Our interview with outdoor image makers Ulrika Larsson and Lukasz Warzecha.
While working with the Icelandic Mountain Guides, outdoor adventure photographers and filmmakers Ulrika Larsson and Lukasz Warzecha released Meltdown, a film exploring how climate change is causing glaciers to melt in Iceland, told from the perspective of those affected the most. We spoke to them about their work, the challenges, and how photography and film can be used to communicate the message of conservation.
What is LWimages?
UL: “We are an innovative and creative photo/video production company based in the UK and Sweden. Our main focus is outdoor adventures and adventure travel, shooting and filming both commercial and editorial assignments. We believe in the power of non-fiction visual storytelling. Over the last couple of years we have also entered the world of TV and OTT media services mainly with Lukasz as the director of photography for an adventure travel series.”
LW: “I’m a stills photographer and have been shooting professionally for 10 years and that’s where I come from. Over the last five years we’ve increased to the point where half of our work is film. I work as director of photography on an American TV show called Epic Trails, an adventure travel show about hiking in some of the most amazing places on earth from Alaska to Papua New Guinea.”
How did you come to focus on outdoor and adventure filmmaking and photography?
LW: “In my late teens I became very serious about climbing. I wanted to become a sponsored climber, but then I had a climbing accident. It was a kind of pivotal moment in a way. At that time there were not many places where you could see inspiring climbing images. Soon after the accident I picked up a camera to get back to being active. I found from the very beginning that climbing photography came naturally to me. However, I realised I sucked at everything else. Being around climbers I could manage as they were on the ropes and I was doing my thing, but portraits for example, getting people comfortable for a shot, was not my forte.”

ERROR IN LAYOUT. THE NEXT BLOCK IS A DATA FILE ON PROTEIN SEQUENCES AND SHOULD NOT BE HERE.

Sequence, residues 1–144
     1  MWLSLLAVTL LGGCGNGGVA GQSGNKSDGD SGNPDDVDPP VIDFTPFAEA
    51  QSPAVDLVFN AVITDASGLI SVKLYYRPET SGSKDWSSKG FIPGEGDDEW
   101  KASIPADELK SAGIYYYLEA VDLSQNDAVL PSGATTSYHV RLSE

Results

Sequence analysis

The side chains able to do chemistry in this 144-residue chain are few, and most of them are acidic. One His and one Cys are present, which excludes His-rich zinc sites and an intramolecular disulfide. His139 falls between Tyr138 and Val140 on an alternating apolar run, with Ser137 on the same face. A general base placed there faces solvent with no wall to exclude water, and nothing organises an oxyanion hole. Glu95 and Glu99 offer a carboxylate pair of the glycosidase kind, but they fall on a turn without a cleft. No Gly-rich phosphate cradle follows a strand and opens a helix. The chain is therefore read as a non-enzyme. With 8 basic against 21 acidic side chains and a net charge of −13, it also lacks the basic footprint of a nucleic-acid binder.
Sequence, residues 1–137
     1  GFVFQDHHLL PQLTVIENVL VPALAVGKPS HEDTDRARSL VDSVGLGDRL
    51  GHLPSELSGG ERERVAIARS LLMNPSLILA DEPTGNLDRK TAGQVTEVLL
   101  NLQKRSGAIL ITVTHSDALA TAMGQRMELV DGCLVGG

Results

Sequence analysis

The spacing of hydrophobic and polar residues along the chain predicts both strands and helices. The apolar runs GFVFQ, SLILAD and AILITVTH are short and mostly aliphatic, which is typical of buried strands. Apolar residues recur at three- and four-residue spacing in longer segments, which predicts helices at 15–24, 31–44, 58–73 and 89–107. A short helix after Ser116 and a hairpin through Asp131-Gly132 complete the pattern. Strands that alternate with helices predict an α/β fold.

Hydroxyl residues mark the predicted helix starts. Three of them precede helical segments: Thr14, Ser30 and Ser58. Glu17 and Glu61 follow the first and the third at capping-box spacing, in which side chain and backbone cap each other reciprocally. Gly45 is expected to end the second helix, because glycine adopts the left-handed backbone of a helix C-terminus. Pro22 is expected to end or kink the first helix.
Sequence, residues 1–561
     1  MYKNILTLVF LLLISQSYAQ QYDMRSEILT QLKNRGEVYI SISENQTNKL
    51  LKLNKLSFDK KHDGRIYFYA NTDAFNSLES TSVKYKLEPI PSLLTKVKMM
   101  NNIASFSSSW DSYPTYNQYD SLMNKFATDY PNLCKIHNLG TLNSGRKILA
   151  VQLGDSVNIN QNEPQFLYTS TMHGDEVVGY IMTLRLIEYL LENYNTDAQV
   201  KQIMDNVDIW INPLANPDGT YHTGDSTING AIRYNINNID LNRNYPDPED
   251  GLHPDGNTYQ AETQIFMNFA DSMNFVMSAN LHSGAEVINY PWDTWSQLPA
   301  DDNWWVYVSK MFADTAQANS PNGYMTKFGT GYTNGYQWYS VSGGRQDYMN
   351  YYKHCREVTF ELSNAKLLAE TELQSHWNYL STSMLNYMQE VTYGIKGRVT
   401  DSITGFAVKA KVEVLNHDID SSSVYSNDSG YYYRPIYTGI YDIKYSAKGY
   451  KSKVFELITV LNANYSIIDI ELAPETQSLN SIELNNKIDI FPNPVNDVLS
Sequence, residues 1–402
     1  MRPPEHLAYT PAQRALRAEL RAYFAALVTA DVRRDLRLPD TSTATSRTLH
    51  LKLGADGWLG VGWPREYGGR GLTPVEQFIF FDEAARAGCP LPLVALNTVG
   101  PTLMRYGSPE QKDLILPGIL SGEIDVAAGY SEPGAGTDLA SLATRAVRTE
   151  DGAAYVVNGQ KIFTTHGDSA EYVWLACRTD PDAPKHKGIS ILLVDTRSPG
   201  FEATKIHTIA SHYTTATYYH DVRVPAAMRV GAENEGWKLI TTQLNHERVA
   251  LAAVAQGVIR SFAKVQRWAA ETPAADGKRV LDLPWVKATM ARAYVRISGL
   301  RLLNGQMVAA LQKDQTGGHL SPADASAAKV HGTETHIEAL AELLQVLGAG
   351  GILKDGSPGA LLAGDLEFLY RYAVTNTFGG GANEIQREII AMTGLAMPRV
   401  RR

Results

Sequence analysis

“What’s important in being successful in outdoor photography is bringing another element, being a photographer is one thing, but you need something else. What I was bringing was my climbing abilities, my understanding of the subject matter and the mindset of elite climbers, knowing where to be and at what time.”
UL: “When we met (we are not just business partners but also partners in life) I was running my own sea kayaking company and was working with a global organization focusing on adventure travel. We’ve both always been passionate about the outdoors and realized that we quite often had conversations about how we could potentially run this business together. So here we are, three years later and the company is growing stronger and stronger each year. We also have a small but extremely dedicated crew working with us.”